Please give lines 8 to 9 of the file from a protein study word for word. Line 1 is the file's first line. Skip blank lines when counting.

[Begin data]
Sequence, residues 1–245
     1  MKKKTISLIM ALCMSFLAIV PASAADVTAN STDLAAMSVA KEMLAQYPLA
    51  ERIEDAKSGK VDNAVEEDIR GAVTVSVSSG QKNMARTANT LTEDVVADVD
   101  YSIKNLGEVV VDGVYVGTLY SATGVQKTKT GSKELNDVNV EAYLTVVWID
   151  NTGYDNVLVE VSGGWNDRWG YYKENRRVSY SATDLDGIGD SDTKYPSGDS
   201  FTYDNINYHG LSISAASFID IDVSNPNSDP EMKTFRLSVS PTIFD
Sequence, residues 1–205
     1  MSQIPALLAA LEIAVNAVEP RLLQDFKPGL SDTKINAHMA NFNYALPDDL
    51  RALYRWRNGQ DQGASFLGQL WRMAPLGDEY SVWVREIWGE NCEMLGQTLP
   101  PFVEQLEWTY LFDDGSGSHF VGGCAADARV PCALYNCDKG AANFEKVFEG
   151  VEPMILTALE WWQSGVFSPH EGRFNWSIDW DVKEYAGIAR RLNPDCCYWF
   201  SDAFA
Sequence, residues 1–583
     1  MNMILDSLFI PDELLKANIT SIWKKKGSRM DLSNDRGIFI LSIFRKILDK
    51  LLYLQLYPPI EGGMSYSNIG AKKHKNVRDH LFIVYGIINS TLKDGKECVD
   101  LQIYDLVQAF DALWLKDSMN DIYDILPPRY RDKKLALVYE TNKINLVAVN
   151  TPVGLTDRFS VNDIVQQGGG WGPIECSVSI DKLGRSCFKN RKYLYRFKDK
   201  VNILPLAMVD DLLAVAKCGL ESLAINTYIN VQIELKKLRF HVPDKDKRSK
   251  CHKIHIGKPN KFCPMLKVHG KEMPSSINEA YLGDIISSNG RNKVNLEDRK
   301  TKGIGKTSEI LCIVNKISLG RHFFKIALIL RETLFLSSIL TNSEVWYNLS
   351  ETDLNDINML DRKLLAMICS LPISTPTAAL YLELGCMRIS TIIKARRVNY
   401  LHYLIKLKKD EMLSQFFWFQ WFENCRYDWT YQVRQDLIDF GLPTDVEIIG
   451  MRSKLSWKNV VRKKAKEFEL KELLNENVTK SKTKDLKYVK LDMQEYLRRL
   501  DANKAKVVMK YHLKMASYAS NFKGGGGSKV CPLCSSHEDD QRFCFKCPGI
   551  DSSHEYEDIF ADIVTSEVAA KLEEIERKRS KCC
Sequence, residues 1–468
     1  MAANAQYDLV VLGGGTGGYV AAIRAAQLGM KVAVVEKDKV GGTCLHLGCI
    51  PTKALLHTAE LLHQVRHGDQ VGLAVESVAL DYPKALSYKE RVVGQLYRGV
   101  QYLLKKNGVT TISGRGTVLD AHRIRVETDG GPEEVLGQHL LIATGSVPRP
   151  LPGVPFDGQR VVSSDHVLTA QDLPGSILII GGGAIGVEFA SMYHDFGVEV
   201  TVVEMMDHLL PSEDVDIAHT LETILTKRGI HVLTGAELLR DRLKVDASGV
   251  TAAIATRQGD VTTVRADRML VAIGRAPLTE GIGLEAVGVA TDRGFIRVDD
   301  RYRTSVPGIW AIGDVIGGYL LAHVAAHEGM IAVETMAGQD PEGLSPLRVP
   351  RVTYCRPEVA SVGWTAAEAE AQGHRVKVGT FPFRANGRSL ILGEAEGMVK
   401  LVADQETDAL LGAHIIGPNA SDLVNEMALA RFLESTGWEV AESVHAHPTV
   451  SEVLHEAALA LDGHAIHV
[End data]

     1  MSQIPALLAA LEIAVNAVEP RLLQDFKPGL SDTKINAHMA NFNYALPDDL
    51  RALYRWRNGQ DQGASFLGQL WRMAPLGDEY SVWVREIWGE NCEMLGQTLP